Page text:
By Prachi Pinglay
BBC News, Mumbai
Resul Pookutty says that technological changes have made a huge difference
Could this be the year of the Indian technician at the forthcoming Oscar awards?
Danny Boyle's Slumdog Millionaire has already hit the headlines for its achievements - the first Indian film to win a Golden Globe and a record number of awards and nominations at the prestigious Bafta ceremony.
This has understandably brought the film's actors and musicians into the limelight. But before too long the film's technicians could also be basking in cinematic glory.
Resul Pookutty won the Bafta for sound design for Slumdog Millionaire with Glenn Freemantle, Richard Pryke, Tom Sayers and Ian Tapp.
Since then "sound guys" in the Indian film industry have become the subject of much discussion and attention.
Sound technicians are the people who make a film sound like it does - recording on location and editing and reworking of sound effects during post-production.
In India, they are called sound engineer, sound technician or sound designer and each job has its own definition depending on the aesthetic freedom they get.
Work ranges from merely recording and repairing to composing, mixing, editing of various sounds, dubbing and background score.
Resul Pookutty, a graduate from the prestigious Film and Television Institute of India, has been in the industry for over 10 years and has worked on several big films. He is now a household name in India and is hotly tipped to win an Oscar this year.
At his studio in suburban Mumbai, three other sound engineers work on several films.
Amrit, who worked with Mr Pookutty on Slumdog, says that over 50 to 60 sounds are mixed to create a particular sound which may last for not more than 20 seconds.
There is lot of work, both indoors and outdoors, but it is hardly noticed by people, he says.
He points out that working on locations in Mumbai was one of the toughest challenges for Slumdog.
"It was not an easy film to do. Even though it had a small budget, technically it was one of the most advanced."
Over the last decade Mr Pookutty has seen the industry change.
"In the early 1990s the equipment was not enough to do live sound or sync sound. Now sync sound technique has increased and it's a great change."
Filmmakers say it is only now that experiments with sound have started.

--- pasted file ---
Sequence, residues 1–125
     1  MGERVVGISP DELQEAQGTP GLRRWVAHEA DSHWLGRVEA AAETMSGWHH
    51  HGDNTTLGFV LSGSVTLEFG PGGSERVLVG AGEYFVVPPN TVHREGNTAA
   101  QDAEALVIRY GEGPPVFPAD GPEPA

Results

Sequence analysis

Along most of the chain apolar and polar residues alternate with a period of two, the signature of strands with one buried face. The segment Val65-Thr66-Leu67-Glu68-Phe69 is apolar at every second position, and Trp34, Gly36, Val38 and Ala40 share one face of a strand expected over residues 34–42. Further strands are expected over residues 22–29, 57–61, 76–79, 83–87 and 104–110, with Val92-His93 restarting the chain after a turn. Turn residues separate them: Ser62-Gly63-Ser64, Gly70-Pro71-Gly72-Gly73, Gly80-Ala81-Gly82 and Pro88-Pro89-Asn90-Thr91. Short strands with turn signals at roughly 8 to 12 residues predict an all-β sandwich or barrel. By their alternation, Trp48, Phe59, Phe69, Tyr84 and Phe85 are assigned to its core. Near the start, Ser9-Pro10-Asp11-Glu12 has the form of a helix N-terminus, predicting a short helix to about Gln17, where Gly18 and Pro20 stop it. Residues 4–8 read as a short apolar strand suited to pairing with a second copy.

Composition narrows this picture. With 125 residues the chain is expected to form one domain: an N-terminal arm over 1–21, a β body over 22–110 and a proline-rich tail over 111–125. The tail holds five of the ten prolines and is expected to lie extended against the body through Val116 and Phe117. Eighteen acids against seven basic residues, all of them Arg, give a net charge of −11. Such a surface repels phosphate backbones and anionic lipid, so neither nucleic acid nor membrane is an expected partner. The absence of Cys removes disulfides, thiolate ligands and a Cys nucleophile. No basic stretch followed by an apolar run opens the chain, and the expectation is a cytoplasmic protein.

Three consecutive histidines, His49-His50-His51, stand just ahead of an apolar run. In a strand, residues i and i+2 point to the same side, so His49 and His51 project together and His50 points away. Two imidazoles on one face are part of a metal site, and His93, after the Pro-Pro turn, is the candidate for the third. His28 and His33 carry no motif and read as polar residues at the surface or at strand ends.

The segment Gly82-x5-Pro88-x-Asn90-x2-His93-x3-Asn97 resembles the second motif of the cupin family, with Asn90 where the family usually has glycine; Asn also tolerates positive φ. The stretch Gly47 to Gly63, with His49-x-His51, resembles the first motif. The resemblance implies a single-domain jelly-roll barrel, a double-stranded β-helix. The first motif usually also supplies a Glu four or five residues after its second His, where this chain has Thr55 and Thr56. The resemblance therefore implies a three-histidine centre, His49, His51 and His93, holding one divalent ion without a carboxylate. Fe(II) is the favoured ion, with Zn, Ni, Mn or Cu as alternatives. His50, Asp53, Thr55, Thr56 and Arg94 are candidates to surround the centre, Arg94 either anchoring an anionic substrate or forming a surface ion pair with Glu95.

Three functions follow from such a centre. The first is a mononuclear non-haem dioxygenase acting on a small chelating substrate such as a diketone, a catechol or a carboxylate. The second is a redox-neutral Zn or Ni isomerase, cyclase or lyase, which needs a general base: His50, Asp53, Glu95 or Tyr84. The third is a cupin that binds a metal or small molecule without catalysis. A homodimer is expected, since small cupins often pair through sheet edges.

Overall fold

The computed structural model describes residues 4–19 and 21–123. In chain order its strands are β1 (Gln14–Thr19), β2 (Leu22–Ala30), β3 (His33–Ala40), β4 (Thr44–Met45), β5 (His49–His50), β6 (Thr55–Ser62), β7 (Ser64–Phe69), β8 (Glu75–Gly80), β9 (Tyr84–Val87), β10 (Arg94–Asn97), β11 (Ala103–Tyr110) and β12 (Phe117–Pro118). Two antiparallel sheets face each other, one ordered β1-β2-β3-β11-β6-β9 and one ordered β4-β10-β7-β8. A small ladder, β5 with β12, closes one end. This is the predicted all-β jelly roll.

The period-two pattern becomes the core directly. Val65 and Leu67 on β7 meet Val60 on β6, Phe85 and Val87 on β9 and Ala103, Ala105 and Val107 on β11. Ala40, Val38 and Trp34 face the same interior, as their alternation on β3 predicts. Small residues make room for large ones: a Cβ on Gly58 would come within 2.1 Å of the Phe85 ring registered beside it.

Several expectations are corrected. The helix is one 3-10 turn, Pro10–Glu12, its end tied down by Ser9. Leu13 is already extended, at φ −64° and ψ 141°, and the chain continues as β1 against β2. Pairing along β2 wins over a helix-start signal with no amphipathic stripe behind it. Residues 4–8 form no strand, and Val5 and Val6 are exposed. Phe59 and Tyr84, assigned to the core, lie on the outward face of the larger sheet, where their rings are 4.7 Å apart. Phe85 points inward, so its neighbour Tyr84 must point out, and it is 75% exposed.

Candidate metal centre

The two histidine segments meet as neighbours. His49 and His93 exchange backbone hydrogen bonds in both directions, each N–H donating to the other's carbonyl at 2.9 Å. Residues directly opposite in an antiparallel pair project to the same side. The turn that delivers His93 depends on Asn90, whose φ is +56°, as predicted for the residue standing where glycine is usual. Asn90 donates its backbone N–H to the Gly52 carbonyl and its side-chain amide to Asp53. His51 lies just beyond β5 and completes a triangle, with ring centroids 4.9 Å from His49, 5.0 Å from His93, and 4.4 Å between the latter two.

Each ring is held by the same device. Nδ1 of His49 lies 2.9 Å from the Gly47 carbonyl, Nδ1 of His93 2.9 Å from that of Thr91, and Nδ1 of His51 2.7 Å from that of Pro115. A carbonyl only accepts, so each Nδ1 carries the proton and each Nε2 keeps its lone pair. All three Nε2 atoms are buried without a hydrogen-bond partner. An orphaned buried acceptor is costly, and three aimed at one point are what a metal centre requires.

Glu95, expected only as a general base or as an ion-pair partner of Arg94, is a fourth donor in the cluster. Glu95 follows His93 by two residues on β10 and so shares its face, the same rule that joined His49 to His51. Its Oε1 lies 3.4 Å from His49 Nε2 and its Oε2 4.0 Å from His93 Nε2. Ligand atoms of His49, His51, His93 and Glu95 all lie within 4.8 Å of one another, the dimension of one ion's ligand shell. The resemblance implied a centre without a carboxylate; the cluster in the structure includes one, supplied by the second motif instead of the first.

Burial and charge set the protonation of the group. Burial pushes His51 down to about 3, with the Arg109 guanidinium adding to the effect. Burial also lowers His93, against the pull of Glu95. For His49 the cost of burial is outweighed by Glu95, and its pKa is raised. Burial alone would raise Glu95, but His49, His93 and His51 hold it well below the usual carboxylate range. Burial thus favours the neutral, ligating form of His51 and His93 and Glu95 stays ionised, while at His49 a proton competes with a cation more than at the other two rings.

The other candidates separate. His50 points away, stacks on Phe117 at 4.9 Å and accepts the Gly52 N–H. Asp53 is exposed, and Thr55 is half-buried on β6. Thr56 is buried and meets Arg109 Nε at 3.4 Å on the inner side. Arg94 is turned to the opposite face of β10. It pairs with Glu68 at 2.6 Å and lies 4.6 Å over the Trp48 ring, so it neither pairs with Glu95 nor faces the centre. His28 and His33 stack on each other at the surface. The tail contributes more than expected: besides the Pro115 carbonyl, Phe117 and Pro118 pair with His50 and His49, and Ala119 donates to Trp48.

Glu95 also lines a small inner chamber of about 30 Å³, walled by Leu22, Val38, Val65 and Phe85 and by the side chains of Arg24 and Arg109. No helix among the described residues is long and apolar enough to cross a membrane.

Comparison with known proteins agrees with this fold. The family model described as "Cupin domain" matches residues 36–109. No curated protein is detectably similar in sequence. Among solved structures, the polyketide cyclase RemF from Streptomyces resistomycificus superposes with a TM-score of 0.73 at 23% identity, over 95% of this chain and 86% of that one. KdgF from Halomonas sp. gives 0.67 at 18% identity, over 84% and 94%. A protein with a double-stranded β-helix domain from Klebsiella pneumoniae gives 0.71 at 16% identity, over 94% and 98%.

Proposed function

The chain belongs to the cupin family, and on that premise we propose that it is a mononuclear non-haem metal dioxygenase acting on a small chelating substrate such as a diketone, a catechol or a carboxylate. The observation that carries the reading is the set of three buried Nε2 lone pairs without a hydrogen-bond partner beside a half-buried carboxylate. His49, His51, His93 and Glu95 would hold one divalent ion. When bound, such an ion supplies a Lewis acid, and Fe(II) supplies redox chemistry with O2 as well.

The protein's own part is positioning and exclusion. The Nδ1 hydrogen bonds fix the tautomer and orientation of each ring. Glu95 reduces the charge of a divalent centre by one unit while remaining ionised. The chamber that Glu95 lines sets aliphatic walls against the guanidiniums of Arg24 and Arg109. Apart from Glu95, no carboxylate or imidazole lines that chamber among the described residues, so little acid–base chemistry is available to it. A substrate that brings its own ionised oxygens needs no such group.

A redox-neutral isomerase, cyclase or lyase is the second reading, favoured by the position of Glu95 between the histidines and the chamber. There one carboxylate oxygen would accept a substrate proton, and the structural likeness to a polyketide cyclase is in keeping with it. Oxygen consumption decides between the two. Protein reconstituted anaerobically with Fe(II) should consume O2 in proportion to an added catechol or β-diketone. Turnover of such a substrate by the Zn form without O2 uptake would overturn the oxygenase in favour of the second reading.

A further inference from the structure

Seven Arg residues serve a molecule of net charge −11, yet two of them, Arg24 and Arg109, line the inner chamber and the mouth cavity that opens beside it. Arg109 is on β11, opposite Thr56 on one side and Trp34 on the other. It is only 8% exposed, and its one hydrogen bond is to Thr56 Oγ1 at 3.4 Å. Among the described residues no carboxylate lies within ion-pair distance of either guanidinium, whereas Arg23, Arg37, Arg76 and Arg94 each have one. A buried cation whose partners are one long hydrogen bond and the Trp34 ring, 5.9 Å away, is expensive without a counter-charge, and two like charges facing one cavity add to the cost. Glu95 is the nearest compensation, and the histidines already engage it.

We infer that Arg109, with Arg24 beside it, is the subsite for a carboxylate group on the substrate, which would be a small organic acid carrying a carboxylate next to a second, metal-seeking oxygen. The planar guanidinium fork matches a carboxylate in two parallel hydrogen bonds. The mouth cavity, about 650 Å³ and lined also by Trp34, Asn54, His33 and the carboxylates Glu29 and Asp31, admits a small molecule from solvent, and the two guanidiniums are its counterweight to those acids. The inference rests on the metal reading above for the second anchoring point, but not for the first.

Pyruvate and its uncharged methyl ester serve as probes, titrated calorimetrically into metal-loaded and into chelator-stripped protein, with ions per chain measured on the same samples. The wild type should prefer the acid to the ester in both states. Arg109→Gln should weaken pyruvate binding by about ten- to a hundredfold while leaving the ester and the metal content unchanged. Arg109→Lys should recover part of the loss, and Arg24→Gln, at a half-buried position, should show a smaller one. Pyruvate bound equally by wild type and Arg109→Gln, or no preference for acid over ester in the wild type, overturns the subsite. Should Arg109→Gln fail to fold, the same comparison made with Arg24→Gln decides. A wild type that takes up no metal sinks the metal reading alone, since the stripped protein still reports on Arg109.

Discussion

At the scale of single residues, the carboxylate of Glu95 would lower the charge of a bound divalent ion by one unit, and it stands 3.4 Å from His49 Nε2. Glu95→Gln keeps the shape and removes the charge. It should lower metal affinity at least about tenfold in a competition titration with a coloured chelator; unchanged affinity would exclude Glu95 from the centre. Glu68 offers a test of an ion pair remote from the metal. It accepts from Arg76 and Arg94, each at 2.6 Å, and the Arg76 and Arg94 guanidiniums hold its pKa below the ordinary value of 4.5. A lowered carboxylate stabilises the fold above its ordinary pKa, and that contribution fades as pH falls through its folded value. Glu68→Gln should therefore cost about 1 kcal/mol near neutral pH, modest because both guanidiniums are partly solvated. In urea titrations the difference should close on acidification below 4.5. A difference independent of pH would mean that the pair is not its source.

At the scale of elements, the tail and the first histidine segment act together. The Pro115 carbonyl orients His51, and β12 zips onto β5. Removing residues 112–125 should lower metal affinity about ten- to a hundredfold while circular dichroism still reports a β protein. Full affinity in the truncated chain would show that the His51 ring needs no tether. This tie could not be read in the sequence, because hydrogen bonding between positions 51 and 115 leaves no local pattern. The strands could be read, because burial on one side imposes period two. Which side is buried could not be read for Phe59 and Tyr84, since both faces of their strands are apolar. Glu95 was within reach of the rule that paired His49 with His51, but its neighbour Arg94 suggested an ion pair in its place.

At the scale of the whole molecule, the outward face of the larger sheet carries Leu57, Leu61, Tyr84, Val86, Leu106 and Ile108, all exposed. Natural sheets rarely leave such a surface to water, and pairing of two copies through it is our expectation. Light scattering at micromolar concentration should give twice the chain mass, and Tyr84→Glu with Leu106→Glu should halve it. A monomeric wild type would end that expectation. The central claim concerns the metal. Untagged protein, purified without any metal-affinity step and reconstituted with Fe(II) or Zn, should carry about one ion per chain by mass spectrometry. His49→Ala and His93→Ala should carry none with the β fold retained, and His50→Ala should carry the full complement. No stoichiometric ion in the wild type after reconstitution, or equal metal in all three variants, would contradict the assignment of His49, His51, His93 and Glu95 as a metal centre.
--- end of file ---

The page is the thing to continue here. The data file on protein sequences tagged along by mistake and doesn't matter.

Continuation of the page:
Anurag Kashyap, who made films like Black Friday, No Smoking and more recently, Dev D, has used ample experimentation in sound in his films.
He says that in earlier days, people used background score from stock sounds but now young filmmakers are trying to use it differently.
"I find the right people for each of my films and then work with them. Every film needs a different score."
Another well known film maker, Rajat Kapoor, has made several off-beat low budget films and worked with Resul Pookutty for over a decade.
"In the 50's Hindi cinema used sound very well. Films like Mahal (one of the earliest suspense-horror films) had phenomenal sound.
"However, the 1970s, 80s and 90s were bad times for cinema, every aspect degenerated. Now with the coming of multiplexes and different filmmakers, more attention is being paid to visual and sound aspects."
However, for most sound engineers a constant struggle is the reality.
Dean Picardo, who works at Purple Haze, a well known studio in Mumbai, says that in terms of talent and equipment India does not lag behind.
"The budget that is set aside for the sound department by the producer is much lower than other departments like cinematography and actor fees," he says.
"That has to change. For example when films are shot in New York, the police help in keeping the crowds who gather silent. Here a sound designer has to work with the crew to keep crowds quiet."
In India, sound engineers could start their career "working for free", getting around $200 to $300 per month for a long time. However the top technicians make several times more.
Despite the rough ride, most sound engineers swear by their profession.
Ganesh G, a sound engineer who works with a big production house, says that perseverance is the key.
Mr Pookuty says recording sounds for Slumdog posed new challenges
"If you are really passionate you don't give up. If you have it, you'll make it in this industry. It takes time, but it is about passion."
Mr Picardo agrees. He says that says if the project is exciting enough, every sound technician will do the job, no matter what the obstacles.
"No one thrives, they only survive. It's a fight on daily basis on personal as well as professional front. But we do it."
Mr Pookutty feels that today sound engineers are getting paid better because of the dearth of qualified trained professionals.
But others feel they have a long way to go before they get remuneration to match their work and talent.
Filmmakers and technicians unanimously agree, though, that the success of Slumdog Millionaire has provided a platform and a benchmark for Indian technicians. They hope that things from now onwards will only get better.